Aside from the thematic similarities tying Melbourne to Shirley’s Traitor, there do not seem to be any contemporary references to this play. Where Webster’s authorship has been considered, his dedicatory epistle in The Devil’s Law Case, addressed to Sir Thomas Finch, has been cited: “Some of my other Works, as The white Deuill, The Dutchesse of Malfi, Guise, and others, you haue formerly seene” (Berger and Massai 1:Greg 388) “Guise”, now lost, was probably written c.1615. Although references to Guise imply it is a tragedy, no evidence supports any link to the Melbourne MS.

Critical Commentary

The text in the manuscript has received literary critical attention from Pryor, Hammond and Del Vecchio, and Smith (2017). Each comments on the richness of the drama, the comedy, characterisation, and the use of language, with Pryor describing the manuscript as “a richly worked, subtly ironic, dense piece of literary composition” and Smith asserting that “[t]he play, had it ever been completed, would have stood comparison with any of the great Jacobean or Caroline tragedies” (612).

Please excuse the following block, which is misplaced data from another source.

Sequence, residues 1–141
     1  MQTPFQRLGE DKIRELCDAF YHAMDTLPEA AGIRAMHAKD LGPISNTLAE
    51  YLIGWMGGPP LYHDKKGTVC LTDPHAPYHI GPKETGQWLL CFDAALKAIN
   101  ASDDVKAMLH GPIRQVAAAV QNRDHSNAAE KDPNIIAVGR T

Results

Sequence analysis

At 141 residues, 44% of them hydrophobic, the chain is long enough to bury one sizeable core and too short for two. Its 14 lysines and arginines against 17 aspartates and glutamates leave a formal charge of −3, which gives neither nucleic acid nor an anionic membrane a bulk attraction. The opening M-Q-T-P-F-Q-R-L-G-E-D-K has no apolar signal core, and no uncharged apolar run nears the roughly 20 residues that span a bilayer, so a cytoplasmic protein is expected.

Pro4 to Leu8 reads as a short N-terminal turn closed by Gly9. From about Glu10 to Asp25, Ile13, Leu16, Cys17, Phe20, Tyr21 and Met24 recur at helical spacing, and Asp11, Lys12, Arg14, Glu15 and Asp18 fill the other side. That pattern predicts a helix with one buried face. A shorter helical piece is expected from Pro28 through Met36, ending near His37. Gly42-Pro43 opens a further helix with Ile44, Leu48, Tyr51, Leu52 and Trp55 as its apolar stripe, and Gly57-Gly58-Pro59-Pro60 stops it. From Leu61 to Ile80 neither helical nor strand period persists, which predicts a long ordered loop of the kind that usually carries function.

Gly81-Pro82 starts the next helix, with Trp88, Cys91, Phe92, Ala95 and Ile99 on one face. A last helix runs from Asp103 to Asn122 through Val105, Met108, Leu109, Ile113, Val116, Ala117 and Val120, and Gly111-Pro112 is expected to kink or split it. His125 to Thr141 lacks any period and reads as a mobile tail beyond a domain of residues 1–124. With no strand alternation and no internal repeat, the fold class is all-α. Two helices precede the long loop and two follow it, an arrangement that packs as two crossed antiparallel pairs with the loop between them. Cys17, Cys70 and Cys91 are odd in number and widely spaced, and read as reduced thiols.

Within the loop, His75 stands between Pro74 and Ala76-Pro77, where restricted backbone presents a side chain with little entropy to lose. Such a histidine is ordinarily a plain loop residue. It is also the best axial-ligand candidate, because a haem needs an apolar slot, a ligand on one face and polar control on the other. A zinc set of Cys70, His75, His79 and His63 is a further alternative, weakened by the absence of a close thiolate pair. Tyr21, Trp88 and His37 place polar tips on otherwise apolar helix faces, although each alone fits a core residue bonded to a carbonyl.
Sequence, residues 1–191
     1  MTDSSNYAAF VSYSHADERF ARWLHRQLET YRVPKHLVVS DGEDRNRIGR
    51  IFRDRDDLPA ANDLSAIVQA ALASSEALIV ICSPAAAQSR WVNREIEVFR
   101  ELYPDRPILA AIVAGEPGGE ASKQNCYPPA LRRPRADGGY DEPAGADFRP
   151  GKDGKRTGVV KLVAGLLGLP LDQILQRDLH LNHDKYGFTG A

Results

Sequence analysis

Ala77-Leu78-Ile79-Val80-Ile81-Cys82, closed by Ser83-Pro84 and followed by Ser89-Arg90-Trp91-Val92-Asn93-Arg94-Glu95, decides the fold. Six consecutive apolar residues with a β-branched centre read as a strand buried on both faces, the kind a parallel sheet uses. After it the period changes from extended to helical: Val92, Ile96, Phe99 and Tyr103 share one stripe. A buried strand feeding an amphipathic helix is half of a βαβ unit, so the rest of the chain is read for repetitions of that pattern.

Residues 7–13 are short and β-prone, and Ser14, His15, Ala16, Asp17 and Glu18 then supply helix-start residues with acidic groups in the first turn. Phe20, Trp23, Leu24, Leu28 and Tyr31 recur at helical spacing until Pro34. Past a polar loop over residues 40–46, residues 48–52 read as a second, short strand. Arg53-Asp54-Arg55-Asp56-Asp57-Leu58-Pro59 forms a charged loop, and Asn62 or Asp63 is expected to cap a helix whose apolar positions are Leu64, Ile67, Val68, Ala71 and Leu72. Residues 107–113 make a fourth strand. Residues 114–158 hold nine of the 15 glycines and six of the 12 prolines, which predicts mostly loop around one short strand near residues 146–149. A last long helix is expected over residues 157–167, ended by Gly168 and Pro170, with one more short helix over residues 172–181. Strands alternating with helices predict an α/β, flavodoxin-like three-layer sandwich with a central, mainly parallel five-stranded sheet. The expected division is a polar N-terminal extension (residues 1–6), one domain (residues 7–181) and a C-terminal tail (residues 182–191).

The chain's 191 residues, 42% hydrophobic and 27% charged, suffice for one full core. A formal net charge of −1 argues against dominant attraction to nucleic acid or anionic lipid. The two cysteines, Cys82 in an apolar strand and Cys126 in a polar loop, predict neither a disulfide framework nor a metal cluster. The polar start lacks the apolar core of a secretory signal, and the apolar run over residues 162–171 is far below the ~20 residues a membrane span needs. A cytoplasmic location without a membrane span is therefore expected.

Despite the text’s literary significance, the debate that has dominated academic discussion of this manuscript to date is one of authorship. The manuscript may have been composed by an otherwise unknown amateur author, albeit one of considerable skill, or one of the professional playwrights whose entire corpus is now lost. Modern academic discussions have pointed to only two serious contenders, John Webster and James Shirley.